God specifically promised to send one special shepherd. This new shepherd will be the Messiah in the line of David and he will rule over and care for God’s people.

23 I will place over them one shepherd, my servant David, and he will tend them; he will tend them and be their shepherd. 24 I the Lord will be their God, and my servant David will be prince among them. I the Lord have spoken.  (Ezekiel 34:23-24)

This remains the hope for God’s people throughout the Old Testament, and it’s not until the New Testament that we meet the one promised by God.

The Good Shepherd

Jesus fulfils God’s promises made through Ezekiel. He is the Davidic Messiah, the Good Shepherd who will rescue the sheep. He will not only gather in the lost sheep of Israel, but also people from all nations and he will unite them together under him. The amazing thing about this Shepherd is that instead of slaughtering the sheep, as Israel’s leaders had been doing, he allows himself to be slaughtered in their place. To mix the metaphors, the shepherd becomes the sacrificial lamb.

14 ‘I am the good shepherd; I know my sheep and my sheep know me – 15 just as the Father knows me and I know the Father – and I lay down my life for the sheep. 16 I have other sheep that are not of this sheepfold. I must bring them also. They too will listen to my voice, and there shall be one flock and one shepherd.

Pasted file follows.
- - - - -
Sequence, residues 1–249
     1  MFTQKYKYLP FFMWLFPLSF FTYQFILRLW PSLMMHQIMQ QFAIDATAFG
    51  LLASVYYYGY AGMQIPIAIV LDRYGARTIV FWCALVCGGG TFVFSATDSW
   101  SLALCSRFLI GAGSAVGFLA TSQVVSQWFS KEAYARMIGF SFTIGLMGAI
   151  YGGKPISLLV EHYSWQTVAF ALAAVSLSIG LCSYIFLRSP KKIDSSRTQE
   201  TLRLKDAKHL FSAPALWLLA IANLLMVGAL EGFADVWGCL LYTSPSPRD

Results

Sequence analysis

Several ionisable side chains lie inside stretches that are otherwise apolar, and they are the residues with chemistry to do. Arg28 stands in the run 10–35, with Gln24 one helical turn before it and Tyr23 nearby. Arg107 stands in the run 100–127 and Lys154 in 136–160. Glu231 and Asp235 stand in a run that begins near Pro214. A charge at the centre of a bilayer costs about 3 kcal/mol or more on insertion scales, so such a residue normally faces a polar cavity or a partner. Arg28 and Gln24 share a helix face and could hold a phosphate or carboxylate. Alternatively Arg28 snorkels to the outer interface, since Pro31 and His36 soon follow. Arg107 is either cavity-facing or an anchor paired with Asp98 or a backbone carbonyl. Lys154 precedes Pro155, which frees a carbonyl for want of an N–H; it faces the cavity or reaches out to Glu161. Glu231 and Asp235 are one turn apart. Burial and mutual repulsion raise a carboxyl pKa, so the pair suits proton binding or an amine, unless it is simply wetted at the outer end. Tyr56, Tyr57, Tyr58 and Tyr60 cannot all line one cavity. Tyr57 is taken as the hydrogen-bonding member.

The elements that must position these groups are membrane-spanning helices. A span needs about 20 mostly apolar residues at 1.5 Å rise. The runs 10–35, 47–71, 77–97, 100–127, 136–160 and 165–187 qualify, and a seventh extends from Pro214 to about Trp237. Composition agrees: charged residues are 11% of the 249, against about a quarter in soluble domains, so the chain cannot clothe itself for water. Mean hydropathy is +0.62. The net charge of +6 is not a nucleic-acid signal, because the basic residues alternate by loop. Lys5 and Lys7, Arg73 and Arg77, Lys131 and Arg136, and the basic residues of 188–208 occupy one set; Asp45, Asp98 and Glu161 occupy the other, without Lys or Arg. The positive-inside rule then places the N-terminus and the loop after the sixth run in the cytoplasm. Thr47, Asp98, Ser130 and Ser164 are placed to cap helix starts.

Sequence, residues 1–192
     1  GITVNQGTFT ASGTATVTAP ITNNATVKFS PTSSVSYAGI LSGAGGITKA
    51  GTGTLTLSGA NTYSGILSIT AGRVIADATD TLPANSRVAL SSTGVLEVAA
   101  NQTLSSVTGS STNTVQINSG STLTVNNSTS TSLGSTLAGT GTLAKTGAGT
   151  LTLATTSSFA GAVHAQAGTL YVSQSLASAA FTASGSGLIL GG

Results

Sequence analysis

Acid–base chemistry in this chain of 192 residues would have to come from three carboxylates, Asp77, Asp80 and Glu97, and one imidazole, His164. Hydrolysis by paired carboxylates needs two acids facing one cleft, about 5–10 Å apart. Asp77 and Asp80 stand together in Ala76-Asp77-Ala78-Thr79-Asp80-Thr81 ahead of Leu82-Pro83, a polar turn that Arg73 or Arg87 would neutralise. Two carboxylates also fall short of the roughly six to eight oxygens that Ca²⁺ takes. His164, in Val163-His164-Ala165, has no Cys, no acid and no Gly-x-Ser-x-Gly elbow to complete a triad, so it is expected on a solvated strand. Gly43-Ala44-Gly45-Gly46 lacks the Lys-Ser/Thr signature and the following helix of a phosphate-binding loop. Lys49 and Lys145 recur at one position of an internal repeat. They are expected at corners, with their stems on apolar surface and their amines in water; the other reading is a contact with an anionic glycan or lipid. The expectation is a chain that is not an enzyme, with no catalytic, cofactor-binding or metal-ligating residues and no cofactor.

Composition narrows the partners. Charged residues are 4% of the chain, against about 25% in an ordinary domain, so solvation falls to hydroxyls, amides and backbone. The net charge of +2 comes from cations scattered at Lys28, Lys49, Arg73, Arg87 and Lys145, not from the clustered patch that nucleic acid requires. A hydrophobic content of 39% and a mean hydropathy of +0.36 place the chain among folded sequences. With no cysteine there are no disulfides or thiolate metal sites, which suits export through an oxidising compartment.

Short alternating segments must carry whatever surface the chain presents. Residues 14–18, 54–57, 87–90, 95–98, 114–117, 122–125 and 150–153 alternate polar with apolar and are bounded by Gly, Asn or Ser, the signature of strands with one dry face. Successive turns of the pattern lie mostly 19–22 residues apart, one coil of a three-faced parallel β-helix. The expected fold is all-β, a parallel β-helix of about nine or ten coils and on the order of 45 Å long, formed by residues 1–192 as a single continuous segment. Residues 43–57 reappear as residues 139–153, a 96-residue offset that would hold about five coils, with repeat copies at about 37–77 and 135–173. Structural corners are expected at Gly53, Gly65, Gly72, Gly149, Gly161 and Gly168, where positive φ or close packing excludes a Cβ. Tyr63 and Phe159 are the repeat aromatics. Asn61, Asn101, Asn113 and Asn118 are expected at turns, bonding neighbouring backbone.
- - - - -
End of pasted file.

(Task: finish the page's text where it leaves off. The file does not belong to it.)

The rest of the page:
God’s plan in saving and caring for his sheep extends from Jesus to others who will lead under Jesus’ authority. Jesus as shepherd remains the model to follow.


The book of Acts introduces us to the beginnings of Christian pastoral ministry. As the gospel spreads and churches begin to grow, leaders are put in place to oversee the congregations. The Apostle Paul spent three years pastoring the church in Ephesus, and he uses the image of the shepherd/pastor when encouraging the Ephesian elders to continue his work. The church is precious to God. It’s purchased with his blood. It belongs to him. Pastoral care of God’s own flock is very important. Knowing this, Paul urges the Ephesian elders to teach God’s word of grace, so as to see the church growing into maturity, standing firm against false teaching, and persevering into eternity. This is to be their pastoral care. Paul had devoted himself to this responsibility and he now calls the elders to do likewise.

28 Keep watch over yourselves and all the flock of which the Holy Spirit has made you overseers. Be shepherds of the church of God, which he bought with his own blood. 29 I know that after I leave, savage wolves will come in among you and will not spare the flock. 30 Even from your own number men will arise and distort the truth in order to draw away disciples after them. 31 So be on your guard! Remember that for three years I never stopped warning each of you night and day with tears. 32 ‘Now I commit you to God and to the word of his grace, which can build you up and give you an inheritance among all those who are sanctified.

With the spread of the gospel and the establishment of churches, people are regularly being equipped and appointed to oversee and care for these congregations. Paul’s letters to Timothy and Titus are particularly helpful in understanding pastoral ministry. In fact, they are often described as the pastoral letters. Paul is looking to the future, raising up leaders, shaping their priorities, emphasising both life and doctrine, character and teaching. He is working to ensure that the gospel remains central to the life of the church. It’s worth taking the time to read these three letters very carefully in order to understand pastoral priorities.